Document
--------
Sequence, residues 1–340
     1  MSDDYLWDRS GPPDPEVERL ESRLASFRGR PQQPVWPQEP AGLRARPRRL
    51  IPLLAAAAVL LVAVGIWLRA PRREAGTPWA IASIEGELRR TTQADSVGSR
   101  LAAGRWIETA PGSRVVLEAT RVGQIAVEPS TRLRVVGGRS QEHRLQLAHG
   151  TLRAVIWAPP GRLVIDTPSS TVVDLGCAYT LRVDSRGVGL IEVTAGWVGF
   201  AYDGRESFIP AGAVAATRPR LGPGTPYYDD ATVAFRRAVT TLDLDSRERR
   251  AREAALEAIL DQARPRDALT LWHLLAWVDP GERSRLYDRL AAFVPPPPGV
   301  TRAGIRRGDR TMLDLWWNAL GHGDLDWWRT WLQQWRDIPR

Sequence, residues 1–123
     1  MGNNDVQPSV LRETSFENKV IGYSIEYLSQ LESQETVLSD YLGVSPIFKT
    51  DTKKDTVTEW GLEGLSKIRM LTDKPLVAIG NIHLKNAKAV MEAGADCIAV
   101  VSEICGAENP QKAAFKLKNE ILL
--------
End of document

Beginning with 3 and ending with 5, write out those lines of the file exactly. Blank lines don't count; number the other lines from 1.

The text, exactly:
    51  IPLLAAAAVL LVAVGIWLRA PRREAGTPWA IASIEGELRR TTQADSVGSR
   101  LAAGRWIETA PGSRVVLEAT RVGQIAVEPS TRLRVVGGRS QEHRLQLAHG
   151  TLRAVIWAPP GRLVIDTPSS TVVDLGCAYT LRVDSRGVGL IEVTAGWVGF